There is a serious vulnerability in the firmware that runs on several Rockwell Automation industrial controllers that could allow a remote attacker to disrupt the operation of a vulnerable controller.
The vulnerability (CVE-2022-3752) is a denial-of-service flaw in a number of Rockwell’s controllers, including CompactLogix, Compact GuardLogix, ControlLogix, and GuardLogix. The controllers are deployed in a range of industries, including manufacturing and other industrial settings, and run embedded Windows. The controllers have a variety of functionality and Rockwell Automation has released updated firmware for each of the affected controllers.
“An unauthorized user could use a specially crafted sequence of Ethernet and IP messages and combine them with heavy traffic loading to cause a denial-of-service condition in Rockwell Automation Logix controllers, resulting in a denial-of-service condition. If the target device becomes unavailable in this condition, a user would have to clear and redownload the user project file to bring the device back online,” an advisory from the Cybersecurity and Infrastructure Security Agency (CISA) says.
The vulnerable controllers are the CompactLogix 5380 firmware versions 31.011 and later, Compact GuardLogix 5380 versions 31.011 and later, CompactLogix 5480 versions 32.011 and later, ControlLogix 5580 versions 31.011 and later, and GuardLogix 5580 versions 31.011 and later. The company has released firmware updates for each of these.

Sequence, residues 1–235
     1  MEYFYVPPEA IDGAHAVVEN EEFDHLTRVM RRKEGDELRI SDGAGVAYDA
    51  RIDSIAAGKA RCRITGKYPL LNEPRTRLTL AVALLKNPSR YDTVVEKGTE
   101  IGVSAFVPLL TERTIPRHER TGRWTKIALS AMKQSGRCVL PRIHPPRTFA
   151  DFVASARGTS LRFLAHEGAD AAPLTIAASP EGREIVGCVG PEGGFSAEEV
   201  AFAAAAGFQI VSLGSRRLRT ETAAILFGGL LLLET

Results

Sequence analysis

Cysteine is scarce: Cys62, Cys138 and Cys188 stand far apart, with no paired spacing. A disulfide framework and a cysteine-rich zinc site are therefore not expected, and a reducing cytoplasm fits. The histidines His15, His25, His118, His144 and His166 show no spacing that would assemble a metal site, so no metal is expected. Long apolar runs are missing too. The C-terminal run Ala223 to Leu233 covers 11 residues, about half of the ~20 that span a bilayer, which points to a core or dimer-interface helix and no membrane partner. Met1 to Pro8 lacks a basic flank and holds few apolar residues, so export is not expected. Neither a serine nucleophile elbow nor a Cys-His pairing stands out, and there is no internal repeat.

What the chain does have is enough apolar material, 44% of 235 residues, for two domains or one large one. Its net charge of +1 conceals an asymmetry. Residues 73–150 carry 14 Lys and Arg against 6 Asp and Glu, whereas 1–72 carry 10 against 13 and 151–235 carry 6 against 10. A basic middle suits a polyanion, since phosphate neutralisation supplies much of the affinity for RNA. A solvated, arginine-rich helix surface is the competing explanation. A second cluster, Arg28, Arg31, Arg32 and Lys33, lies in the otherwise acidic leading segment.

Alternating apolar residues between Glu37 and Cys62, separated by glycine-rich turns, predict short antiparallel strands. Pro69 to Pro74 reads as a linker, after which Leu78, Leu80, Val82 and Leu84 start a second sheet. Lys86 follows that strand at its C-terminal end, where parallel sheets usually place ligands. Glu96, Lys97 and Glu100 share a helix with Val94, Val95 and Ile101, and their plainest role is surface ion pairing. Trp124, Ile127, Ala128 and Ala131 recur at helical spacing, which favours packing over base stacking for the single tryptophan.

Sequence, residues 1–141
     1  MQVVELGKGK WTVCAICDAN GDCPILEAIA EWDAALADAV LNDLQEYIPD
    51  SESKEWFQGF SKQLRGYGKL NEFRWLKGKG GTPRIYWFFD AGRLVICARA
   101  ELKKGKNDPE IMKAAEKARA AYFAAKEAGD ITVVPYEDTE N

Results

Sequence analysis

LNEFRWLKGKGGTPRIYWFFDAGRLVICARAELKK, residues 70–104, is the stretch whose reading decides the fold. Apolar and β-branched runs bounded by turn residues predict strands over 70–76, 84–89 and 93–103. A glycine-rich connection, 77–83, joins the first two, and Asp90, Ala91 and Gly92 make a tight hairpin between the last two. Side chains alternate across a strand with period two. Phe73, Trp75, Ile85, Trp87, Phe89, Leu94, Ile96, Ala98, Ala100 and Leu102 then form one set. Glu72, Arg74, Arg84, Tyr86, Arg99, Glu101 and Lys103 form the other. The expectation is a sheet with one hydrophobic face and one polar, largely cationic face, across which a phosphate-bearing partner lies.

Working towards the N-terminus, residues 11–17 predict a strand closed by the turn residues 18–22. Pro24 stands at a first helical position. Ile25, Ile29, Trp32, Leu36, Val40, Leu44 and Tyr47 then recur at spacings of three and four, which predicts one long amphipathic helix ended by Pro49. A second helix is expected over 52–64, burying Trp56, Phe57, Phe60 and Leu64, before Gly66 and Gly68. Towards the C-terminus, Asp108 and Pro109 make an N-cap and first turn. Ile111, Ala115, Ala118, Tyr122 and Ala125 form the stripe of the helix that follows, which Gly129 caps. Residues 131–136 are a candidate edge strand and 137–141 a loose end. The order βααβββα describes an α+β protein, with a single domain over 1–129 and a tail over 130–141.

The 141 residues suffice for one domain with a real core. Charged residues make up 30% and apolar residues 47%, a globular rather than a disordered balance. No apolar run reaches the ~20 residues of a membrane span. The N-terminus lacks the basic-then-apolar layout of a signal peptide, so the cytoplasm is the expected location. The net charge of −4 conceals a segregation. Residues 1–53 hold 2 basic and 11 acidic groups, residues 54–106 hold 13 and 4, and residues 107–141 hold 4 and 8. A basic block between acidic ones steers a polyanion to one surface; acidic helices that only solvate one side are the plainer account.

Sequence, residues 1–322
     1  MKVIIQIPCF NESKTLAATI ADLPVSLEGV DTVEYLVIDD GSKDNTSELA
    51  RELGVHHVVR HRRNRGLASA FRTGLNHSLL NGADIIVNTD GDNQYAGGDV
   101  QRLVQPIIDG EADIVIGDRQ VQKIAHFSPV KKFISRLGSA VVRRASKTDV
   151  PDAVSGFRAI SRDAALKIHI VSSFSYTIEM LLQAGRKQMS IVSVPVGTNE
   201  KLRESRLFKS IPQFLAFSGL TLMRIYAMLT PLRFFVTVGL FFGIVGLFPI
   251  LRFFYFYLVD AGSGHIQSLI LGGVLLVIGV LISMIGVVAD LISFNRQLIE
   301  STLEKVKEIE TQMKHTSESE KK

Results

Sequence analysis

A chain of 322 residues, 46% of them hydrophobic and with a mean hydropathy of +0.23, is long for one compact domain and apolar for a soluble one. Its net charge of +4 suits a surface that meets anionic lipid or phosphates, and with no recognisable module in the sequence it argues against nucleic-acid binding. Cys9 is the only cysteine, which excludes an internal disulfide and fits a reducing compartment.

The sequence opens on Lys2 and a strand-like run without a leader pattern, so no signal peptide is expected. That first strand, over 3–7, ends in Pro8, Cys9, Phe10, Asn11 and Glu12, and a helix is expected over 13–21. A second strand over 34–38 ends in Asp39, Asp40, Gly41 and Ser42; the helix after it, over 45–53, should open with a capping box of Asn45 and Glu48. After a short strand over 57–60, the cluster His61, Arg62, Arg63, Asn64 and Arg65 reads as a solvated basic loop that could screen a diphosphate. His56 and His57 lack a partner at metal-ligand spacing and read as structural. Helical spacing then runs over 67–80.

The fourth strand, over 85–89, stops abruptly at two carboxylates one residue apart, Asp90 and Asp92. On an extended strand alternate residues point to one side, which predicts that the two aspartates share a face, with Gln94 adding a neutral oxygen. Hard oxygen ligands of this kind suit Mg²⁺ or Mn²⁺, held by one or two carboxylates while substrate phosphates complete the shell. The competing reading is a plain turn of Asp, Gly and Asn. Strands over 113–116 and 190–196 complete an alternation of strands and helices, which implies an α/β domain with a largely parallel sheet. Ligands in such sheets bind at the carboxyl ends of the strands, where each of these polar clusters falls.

CISA also issued an advisory about a SQL injection vulnerability in the Advantech iView management software that’s used for remote management. Researchers at Tenable discovered the vulnerability and an exploit for it is publicly available.
“The specific flaw exists within the ConfigurationServlet endpoint, which listens on TCP port 8080 by default. An unauthenticated remote attacker can craft a special column_value parameter in the setConfiguration action to bypass checks in com.imc.iview.utils.CUtils.checkSQLInjection() to perform SQL injection. For example, the attacker can exploit the vulnerability to retrieve the iView admin password,” the Tenable advisory says.
Tenable first disclosed the flaw in September.